Longmire’s Appeal

(Originally written on Sept 24, 2014)

This fall, I was watching the season finale last evening of Dallas on TNT. My “guilty pleasure” tie to Dallas comes from long ago … when we all thought JR Ewing was such a lovable villain.

As the show ended, my wife Lulu (who is not a real fan of Dallas) asked … “has it been renewed?” I don’t know. No idea. And, I really don’t care. If it’s there, I’ll probably watch, but if not, I’ll watch something else. It’s that way with virtually all of the TV shows on the air right now. OK tshapeimage_2o watch, but if they disappear, it’s really no big deal for me. Another good example .. CSI: NY. I really enjoyed the show and totally respect star Gary Sinise’s work with veterans. But, when it left CBS I really didn’t fixate on it.

But, Longmire is different. Why?

For me, it’s a combination of factors. It starts, of course, with Craig Johnson’s books and his wonderful ability to weave a good story. Reading his books is like an escape to a simpler time and place where values remain more important than technology. A place where imperfect people live, work, love and, sometimes, die. All built around a core of characters who we can identify with.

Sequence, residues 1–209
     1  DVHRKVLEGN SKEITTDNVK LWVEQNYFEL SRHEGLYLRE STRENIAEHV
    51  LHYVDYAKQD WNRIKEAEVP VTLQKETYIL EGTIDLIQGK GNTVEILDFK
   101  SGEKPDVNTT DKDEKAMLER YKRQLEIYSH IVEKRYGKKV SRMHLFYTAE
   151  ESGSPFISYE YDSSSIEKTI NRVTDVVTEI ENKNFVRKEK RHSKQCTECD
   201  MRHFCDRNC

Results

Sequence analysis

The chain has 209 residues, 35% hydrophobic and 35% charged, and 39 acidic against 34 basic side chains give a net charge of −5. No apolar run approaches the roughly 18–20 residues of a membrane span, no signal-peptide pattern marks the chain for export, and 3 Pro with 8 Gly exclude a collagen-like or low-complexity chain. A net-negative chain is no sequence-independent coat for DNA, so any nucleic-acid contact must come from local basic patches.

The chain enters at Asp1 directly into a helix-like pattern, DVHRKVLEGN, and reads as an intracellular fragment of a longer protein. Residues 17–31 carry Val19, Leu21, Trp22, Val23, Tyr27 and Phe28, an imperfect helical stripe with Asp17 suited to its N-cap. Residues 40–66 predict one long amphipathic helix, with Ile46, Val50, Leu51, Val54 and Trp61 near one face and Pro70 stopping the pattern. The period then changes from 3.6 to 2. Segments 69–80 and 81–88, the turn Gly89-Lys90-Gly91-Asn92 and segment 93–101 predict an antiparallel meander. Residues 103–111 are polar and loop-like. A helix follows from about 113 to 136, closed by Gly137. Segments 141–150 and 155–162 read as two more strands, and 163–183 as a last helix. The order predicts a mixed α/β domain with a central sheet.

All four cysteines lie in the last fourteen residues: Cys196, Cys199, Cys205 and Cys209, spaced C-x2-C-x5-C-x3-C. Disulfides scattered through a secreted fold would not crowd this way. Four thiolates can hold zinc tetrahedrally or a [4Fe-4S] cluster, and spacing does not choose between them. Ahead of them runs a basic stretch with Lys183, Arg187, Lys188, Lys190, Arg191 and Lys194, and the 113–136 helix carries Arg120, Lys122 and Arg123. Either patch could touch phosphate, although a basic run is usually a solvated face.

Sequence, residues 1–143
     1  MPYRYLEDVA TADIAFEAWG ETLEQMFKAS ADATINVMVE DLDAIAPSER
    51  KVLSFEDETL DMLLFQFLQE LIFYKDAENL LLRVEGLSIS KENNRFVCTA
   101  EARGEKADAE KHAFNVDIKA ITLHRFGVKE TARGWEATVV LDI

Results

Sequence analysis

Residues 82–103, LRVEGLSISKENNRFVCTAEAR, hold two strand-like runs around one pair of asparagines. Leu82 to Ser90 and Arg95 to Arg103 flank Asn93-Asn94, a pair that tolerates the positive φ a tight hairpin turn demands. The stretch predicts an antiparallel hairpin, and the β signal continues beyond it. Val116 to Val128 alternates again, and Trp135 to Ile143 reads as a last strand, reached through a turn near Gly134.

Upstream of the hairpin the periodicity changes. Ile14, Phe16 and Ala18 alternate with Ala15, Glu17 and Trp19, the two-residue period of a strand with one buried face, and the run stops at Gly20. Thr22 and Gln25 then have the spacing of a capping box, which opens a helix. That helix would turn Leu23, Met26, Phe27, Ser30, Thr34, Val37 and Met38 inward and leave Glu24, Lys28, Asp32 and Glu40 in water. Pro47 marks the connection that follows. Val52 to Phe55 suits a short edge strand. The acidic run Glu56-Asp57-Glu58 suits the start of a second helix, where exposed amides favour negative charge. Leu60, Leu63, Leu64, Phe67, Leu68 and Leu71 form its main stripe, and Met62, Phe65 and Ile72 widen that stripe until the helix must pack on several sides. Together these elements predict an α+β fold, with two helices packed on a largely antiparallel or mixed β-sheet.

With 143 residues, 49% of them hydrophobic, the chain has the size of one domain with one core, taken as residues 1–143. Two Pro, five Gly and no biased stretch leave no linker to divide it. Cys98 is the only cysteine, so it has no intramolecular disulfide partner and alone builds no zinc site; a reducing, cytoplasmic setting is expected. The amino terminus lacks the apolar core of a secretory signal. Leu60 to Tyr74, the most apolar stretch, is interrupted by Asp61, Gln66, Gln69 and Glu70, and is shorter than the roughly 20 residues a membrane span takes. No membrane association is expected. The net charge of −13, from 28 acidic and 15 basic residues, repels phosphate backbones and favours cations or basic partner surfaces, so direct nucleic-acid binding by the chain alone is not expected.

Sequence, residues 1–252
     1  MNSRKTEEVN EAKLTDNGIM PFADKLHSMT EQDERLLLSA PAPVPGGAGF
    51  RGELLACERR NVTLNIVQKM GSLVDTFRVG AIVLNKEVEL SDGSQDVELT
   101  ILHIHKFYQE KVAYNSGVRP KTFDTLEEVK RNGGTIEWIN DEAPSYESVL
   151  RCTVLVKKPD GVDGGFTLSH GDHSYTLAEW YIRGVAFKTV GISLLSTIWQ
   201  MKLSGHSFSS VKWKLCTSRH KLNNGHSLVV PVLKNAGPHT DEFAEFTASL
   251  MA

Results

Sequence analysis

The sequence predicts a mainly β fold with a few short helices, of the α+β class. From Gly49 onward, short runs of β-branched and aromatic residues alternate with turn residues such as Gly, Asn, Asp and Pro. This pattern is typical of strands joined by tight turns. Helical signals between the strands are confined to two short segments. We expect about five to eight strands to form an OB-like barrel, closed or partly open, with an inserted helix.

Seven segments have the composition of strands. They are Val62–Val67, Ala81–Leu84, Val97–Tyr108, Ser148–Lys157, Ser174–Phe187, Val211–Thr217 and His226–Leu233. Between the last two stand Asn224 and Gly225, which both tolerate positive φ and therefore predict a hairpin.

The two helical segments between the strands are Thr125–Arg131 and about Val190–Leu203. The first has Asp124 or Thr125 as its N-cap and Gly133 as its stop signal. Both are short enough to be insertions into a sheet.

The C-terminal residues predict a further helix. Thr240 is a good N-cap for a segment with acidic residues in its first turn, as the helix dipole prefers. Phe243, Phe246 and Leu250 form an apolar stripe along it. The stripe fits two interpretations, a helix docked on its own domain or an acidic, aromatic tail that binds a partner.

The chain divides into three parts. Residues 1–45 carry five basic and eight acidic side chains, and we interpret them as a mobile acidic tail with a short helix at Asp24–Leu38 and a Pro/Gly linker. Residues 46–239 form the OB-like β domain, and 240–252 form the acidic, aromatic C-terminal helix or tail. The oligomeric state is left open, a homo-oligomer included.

Of course, the TV series really doesn’t follow Craig’s story lines. The show has it’s own storyline and has managed to carve out a “world” that is both engaging and honest. It’s full of people we can respect (Walt, Vic, Henry, Ferg, Cady, Lucian, Mathias) while at the same time showing us folks with a dark side as well (Branch, Jacob, Barlow). The writing has been nothing less than suburb, the acting is natural and engaging, and the producers have made sure that the cinematography is better than any other series on television. All of these factors combine to make Longmire’s demise all the more painful.

Longmire IS different than most series TV. It’s engaging without being “in your face.” It’s storytelling with moral values of good vs evil thrown in for good measure. It’s acting and visual images and dramatic music that is much more like a movie than a TV show. It’s stories about people we have learned to trust and who often think before talking or acting.

It is, in my opinion, the best crafted show on television and if it is not picked up by another network, it’s not only the 6 million devoted fans who have been watching that will loose out. It’s the millions more who need to be introduced to Walt and the folks in Absaroka County. They are the ones who should be reminded that good needs to triumph over evil; and honesty, and integrity, are real values that we need in our society.


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